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Wed, 06 Jul 22 11:59

Must do, nice to do, hope it goes away…….

It feels like the Christmas break was a very long time ago now, but as it’s still January I think I can just about get away with wishing everyone a happy new year.

I’m working my way through the list of things that I told myself can wait until January (come on we all do it!!). I do have a method to it though, “must do”, “nice to do” and “won’t do and hope it goes away”. I hope our colleagues in central government departments are also cracking on with their ‘to do’ lists for 2022. I know on the ‘must do’ list will be some important policy areas such as the reviews into social care and SEND, levelling up, supporting families and mental health, but I also sincerely hope that a coherent national approach to youth makes its debut this year.

We often face challenge, as local authorities, that we don’t understand the benefits of youth provision. This is not true. We know that good quality youth work delivery, at the right time and place, can head off many challenges that young people may subsequently face with mental health, engagement in education, family conflict, offending, and risks around exploitation to name a few. Whilst I don’t readily wish even more statutory responsibilities for us, I would whole heartedly support a fully funded statutory duty to secure a baseline of youth provision.

Of course, I welcome the recent funding for the youth sector through the Youth Covid Support Fund and the Youth Endowment Fund, but we still await confirmation on how the £500 million new Youth Investment Fund will be rolled out, with its implementation having been delayed by over two years and funding due to be spent before the end of this parliament. Statements to date seem to indicate a focus on capital, and whilst buildings of course have their place, they are little use without sustainable revenue funding for a youth workforce of people who can build the trusted relationships needed. So, at every opportunity I will be advocating for an ambitious and cross department governmental response, and with some urgency if we truly want to see a levelling up agenda that addresses young people’s lives. The youth agenda won’t go away, isn’t just a nice thing to do, and is a ‘must do’ priority for 2022.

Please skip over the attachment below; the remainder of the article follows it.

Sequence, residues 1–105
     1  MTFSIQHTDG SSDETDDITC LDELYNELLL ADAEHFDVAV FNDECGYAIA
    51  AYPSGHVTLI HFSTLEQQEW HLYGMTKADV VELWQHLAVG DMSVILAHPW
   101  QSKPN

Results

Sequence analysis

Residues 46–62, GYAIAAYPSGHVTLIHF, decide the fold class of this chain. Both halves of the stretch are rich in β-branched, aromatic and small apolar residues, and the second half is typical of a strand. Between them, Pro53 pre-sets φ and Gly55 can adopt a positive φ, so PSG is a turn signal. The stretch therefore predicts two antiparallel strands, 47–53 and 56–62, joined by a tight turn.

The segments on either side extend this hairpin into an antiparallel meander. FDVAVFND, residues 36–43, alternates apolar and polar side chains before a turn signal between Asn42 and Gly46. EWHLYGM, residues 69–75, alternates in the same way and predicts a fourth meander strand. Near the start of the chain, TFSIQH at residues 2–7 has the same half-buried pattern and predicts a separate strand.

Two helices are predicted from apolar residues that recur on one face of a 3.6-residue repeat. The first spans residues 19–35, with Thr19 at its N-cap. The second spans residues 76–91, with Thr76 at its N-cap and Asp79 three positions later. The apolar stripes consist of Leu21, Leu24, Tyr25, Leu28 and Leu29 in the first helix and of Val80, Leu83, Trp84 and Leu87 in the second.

In my first ever blog for ADCS four years ago I focused on Wonder Woman and made comparisons in terms of the leadership we needed. We all have people in our lives whom we look up to and learn from. Sarah Caton was my real-life Wonder Woman and I never thought for one second I would be mentioning in my blog about the very sad loss of our dear friend and Chief Officer of ADCS. I, alongside many of you, attended her funeral last week. Rachel Dickinson, previous president of ADCS and a special person to Sarah, gave an incredible and heartfelt tribute on behalf of us all. I had one job on the day and that was to arrange transport for some of us (including some past presidents, a policy chair, and our current vice president) to travel to the service. The taxi company were sweet and said they would send a vehicle that could accommodate us all. Ok – so I should have checked what the vehicle was, but I cannot describe accurately everyone’s faces as we all arrived in an old lime green school transport bus!! We all agreed that Sarah would have been very amused.

Sarah’s family and close friends were so warm and welcoming of her wider ADCS family and it was very comforting to be able to share memories and stories…which brought tears but many smiles too. We will dearly miss Sarah both professionally and personally, but I know her imprint of tenacity, passion, bravery to stand up for the right thing, and enormous sense of fun will stay with us as we continue with her legacy and strive for a country that works for all children.


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